There are still some fresh kings being reported in the lower Niagara River. Capt. Ted Keesler of Rivermaster Charters reports that he’s still seeing some new salmon showing up in Devil’s Hole, catching fish this week with clients from Mississippi. He was using small chunks of cured salmon skein on a No. 4 hook and 12-pound test fluorocarbon leader off his three-way set-up. Less fishing pressure seems to be helping. Shore fisherman Ricardo Davila of Wheatfield agrees, not seeing as many anglers during the week now. Monday he actually caught three kings and had seven on the hook casting glow in the dark spoons and spinners – especially before sunrise. Key is the presentation, looking for fish-holding areas in current seams or behind large rocks. Green and blue have also been good colors for Davila. “Learning how to navigate the water has really helped me this season,” said Davila. Don’t be afraid to move around and look for active fish. Find where fish are holding and cast accordingly, adjusting length and depth of your cast. One day, he found that the spoons needed to be on the bottom. The next day he found that he had to let his spinner swing in the current and about mid-depth he would get a hit. In fact, he had four hits in a row on that particular occasion. While many of the casters prefer first light and lower water conditions, Davila says he catches fish even after the water comes up. He just moves around to find the right spots. Some trout are starting to move into the river right now, too. A few have been caught in Devil’s Hole and along Artpark. Egg sacks, egg imitations and Kwikfish lures could entice one or two to hit. Above Niagara Falls in the upper river, it’s been a little tough for muskellunge because of the excessive amount of weeds. Capt. Chris Cinelli of Grand Island has been starting to pick up some nice muskies and it should continue to improve as water temperatures continue to decrease. It should be below 60 degrees this week. Bass fishing is still good, especially at the head of the river.
Lake Ontario and tributaries
The recent rain events have helped pull some more fish into 18 Mile Creek. Salmon and trout are being reported at Burt Dam, as well as throughout the creek system. Use eggs or egg imitations at the dam.
Salmon are still in the deeper holes and treated egg skein is the way to go, fished under a float. That will also work off the piers if the winds cooperate. Casting spoons, spinners or stickbaits will all produce salmon and/or brown trout on any given day. Some success is still being reported off the beaches near the creek mouths for fish. For example, any fish trying to find its way into Fourmile Creek will have a difficult time of it – the creek mouth is closed. Casting the mouth could produce a trout or two with spoons or spinners. Perch and pike are still showing up for anyone willing to target them in Wilson or Olcott harbors. Over in the Oak Orchard River, a total of 57 anglers competed in the St. Mary’s Archer’s Club catch and release tournament last week. The most surprising thing was the numbers of Atlantic salmon being reported, including one that stretched the tape at 37 inches long. Decent numbers of fish are being reported there, too. More rain is on the way for all of the tributaries!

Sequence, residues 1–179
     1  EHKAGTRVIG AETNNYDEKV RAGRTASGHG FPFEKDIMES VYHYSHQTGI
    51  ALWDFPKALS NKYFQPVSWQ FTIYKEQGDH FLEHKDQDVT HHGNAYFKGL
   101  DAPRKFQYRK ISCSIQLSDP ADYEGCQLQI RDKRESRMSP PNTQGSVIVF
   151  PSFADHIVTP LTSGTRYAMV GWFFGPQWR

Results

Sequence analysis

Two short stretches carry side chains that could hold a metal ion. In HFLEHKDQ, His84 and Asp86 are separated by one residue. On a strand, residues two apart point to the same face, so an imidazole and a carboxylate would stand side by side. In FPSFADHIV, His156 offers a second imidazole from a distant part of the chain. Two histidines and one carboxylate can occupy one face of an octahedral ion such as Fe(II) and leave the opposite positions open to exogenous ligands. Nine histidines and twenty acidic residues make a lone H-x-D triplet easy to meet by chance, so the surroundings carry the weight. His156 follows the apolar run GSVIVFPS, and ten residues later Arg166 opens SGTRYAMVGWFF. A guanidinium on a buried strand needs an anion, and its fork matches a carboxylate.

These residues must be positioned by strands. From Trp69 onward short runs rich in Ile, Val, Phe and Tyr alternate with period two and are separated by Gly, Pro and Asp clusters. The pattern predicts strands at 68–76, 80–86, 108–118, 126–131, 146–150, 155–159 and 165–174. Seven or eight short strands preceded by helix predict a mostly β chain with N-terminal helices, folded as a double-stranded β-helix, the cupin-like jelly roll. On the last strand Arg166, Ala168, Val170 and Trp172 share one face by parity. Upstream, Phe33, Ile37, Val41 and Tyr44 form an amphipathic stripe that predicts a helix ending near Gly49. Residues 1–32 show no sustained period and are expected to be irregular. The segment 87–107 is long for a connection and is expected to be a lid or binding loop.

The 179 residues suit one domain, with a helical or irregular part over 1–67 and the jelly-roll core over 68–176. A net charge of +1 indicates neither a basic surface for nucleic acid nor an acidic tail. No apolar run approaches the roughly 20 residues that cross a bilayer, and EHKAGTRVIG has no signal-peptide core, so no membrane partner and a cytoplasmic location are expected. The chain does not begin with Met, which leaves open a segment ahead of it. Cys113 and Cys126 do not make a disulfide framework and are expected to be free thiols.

All of the tributaries off Lake Erie received a good shot of rain the past week and Vince Tobia with Cattaraugus Creek Outfitters reports that fish responded to that precipitation, coming into the lower stretches with some moving further upstream. Fishing is decent right now, but it should continue to get better. Tobia uses flies exclusively. His best attractions right now are wooly buggers, egg patterns and black stone flies. His tip for this week is to keep moving to find the active fish! We’ve heard of fish in the Catt, 18 Mile and Canadaway creeks. More rain is on the way. If the larger streams are muddy, go to the smaller one and seek out clearer conditions.
Lake Erie action has been spotty at best due to recent weather patterns keeping boats off the lake. If you can get out there, perch should be available west of Sturgeon Point in 50 to 70 feet of water and big bass should be pounding live bait, tubes or jigging spoons/sonars as they bulk up for the winter around any kind of structure. Lake water temperature should be under 60 degrees by the time of this report.
The walleye bite is still on target from Ashville Bay to the bridge in 12 to 16 feet of water according to local guide Craig Robbins. Try trolling jointed stickbaits in black and silver or perch colors at 2.1 to 2.3 miles per hour. Smallmouth bass have started to move up into the shallows at Warners Bay near the buoys. Use 3- inch camo tubes or blue fleck spinnerbaits. Keep them just off the bottom. A rocky bottom is preferred. John Jarosz of Lakeview reported a productive morning on perch recently while fishing with his son out of the Mayville launch in 10 to 12 feet of water. John used a piece of nightcrawler on an Aberdeen hook and a split shot while his son used small tube jigs. The tube jigs won out but they both managed to boat 70 fish in just 2-1/2 hours of fishing – most of the fish around the 10-inch mark.